• Hough-Snee, N., B.G. Laub, D.M. Merritt, B.B. Roper, A.L. Long, L.L. Nackley, J.M. Wheaton. 2015. Environmental filtering and niche partitioning shape the distributions of trait-based riparian vegetation guilds. Ecosphere 6 (10): art173. DOI: 10.1890/ES15-00064.1 
    • Hough-Snee, N., A. Kasprak, R.K. Rossi, N. Bouwes, B.B. Roper, J.M. Wheaton. 2016. Hydrogeomorphic and biotic drivers of instream wood differ across sub-basins of the Columbia River Basin, USA. River Research and Applications 32 (6):1302-1315. DOI: 10.1002/rra.2968
    • Hough-Snee, N., L.L. Nackley, S-H. Kim, and K. Ewing. 2015. Life history strategies explain plant performance under environmental stress: the effects of flooding and fertilization on the growth and allocation of two wetland sedges. Aquatic Botany 120 (B): 151-159.
    • Hough-Snee, N., B.B. Roper, J.M. Wheaton and R.L. Lokteff. 2015. Riparian vegetation communities of the American Pacific Northwest are tied to multi-scale environmental filters. River Research and Applications. In Press. DOI: 10.1002/rra.2815.
    • Hough-Snee, N. and R.L. Pond. 2014. Amending impaired soils increases seedling growth but reduces seedling survival at a retired gravel mine. Ecological Restoration 32(3): 231-235. DOI: 10.3368/er.32.3.231.
    • Hough-Snee, N., A.K. Kasprak, B.B. Roper and C.S. Meredith. 2014. Direct and indirect drivers of instream wood in the interior Pacific Northwest, USA: decoupling climate, vegetation, disturbance, and geomorphic setting. Riparian Ecology and Conservation 2:14-34. DOI: 10.2478/remc-2014-0002.
    • Hough-Snee, N., B.B. Roper, J.M. Wheaton, P. Budy and R.L. Lokteff. 2013. Riparian vegetation communities change rapidly following passive restoration at a northern Utah stream. Ecological Engineering 58(1): 371-377. 
    • Hough-Snee, N., A.L. Long and R. Pond. 2012Passive soil manipulation influences the successional trajectories of forest communities at a denuded former campsite. Ecological Restoration 30(1): 9-12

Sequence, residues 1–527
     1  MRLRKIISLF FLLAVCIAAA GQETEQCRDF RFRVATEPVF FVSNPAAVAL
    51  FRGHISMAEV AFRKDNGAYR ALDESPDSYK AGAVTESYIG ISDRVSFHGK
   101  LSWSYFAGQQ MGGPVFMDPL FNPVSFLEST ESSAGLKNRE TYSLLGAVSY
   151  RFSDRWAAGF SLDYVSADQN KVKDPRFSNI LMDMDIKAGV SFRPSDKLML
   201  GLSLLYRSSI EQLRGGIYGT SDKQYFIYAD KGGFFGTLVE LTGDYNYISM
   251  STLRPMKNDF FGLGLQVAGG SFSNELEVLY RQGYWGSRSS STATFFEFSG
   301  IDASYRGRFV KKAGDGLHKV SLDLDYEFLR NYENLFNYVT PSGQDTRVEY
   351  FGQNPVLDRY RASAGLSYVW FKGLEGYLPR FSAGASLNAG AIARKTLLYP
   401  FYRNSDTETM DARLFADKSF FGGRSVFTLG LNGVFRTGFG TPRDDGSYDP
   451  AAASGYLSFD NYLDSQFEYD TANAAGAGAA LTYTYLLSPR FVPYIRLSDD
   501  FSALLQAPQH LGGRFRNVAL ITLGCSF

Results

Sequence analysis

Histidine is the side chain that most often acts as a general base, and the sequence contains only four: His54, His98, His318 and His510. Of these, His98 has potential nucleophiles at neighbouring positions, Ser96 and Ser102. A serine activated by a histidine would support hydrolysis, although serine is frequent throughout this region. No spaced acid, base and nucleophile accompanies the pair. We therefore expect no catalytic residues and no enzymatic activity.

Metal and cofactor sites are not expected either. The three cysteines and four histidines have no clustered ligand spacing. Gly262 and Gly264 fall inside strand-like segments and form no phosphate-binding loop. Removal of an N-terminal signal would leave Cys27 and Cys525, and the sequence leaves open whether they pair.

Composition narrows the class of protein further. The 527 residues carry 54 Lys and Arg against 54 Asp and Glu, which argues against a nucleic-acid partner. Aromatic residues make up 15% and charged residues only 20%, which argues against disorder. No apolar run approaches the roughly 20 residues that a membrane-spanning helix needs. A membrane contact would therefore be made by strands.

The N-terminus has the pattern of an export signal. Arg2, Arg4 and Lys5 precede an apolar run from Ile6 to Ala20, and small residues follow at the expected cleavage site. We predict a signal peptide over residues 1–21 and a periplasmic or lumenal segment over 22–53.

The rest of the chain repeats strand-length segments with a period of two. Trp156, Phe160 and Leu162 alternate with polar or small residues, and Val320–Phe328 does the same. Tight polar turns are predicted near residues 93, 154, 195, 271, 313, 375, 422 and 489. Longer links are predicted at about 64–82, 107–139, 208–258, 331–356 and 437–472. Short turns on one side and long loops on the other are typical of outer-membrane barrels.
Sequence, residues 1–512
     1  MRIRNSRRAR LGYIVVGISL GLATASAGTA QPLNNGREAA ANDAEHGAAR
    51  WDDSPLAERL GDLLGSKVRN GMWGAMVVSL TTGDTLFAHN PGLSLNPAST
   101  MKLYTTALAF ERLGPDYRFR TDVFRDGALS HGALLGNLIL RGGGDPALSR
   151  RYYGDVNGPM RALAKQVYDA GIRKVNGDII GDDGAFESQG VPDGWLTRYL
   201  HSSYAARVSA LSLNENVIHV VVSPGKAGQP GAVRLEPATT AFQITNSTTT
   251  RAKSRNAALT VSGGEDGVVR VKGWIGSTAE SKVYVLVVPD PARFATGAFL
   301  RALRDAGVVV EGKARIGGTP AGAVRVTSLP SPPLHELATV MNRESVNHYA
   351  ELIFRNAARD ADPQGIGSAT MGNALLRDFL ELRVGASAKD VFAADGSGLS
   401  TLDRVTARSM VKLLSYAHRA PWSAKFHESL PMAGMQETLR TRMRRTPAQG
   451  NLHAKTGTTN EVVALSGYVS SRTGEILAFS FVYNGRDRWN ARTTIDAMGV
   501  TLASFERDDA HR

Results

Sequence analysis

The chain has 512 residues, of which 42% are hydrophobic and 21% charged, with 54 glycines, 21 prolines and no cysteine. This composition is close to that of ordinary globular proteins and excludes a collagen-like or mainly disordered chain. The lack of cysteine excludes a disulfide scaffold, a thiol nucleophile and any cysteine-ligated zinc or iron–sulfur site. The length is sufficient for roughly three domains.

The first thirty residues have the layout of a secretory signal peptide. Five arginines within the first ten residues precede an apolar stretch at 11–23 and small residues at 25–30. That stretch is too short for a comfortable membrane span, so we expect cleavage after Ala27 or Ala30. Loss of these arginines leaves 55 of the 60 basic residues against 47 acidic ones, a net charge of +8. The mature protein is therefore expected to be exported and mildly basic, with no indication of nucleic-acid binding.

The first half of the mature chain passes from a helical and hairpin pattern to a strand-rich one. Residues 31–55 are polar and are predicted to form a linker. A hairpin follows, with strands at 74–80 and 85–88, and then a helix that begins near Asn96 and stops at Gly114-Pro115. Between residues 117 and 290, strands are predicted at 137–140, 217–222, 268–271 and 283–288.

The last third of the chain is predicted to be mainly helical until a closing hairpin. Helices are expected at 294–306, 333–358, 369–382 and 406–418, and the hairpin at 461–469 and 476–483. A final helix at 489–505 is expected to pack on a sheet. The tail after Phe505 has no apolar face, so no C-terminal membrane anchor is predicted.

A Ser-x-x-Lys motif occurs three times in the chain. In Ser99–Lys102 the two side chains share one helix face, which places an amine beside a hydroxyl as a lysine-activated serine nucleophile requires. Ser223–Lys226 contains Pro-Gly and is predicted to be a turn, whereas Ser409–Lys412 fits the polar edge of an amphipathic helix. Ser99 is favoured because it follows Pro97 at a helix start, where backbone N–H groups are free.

• Hough-Snee, N., A.L. Long, L. Jeroue and K. Ewing. 2011. Mounding alters environmental filters that drive plant community development in a novel grassland. Ecological Engineering 37(11): 1932-1936. 
    • Hough-Snee, N. and D.D. Cooper*. 2011. The effect of perigynia removal on the germination of awl-fruit sedge, Carex stipata Muhl. Ex Willd (Cyperaceae). Native Plants Journal 12(1): 41-43.
      *Mentored undergraduate research assistant.

    • Hough-Snee, N., J.D. Bakker and K. Ewing. 2011. The long-term effects of initial site treatment on fescue abundance in a novel grassland. Ecological Restoration 29(1-2): 14-17. 

    • Hough-Snee, N., R. Pond and J.W. Jacobson. 2010. The Snohomish County Big Trees Project: watershed scale riparian restoration in the Stillaguamish Watershed, Washington State, USA. Ecological Restoration: 28(3): 243-245. 

    Conference Papers, Presentations & Posters

    • Nate has presented his work at national and regional meetings of the Society of Wetland Scientists, Society of American Foresters, River Restoration Northwest and the Society for Ecological Restoration, as well as in academic, classroom, and outreach settings. Recent contributions are available througNate's Figshare page.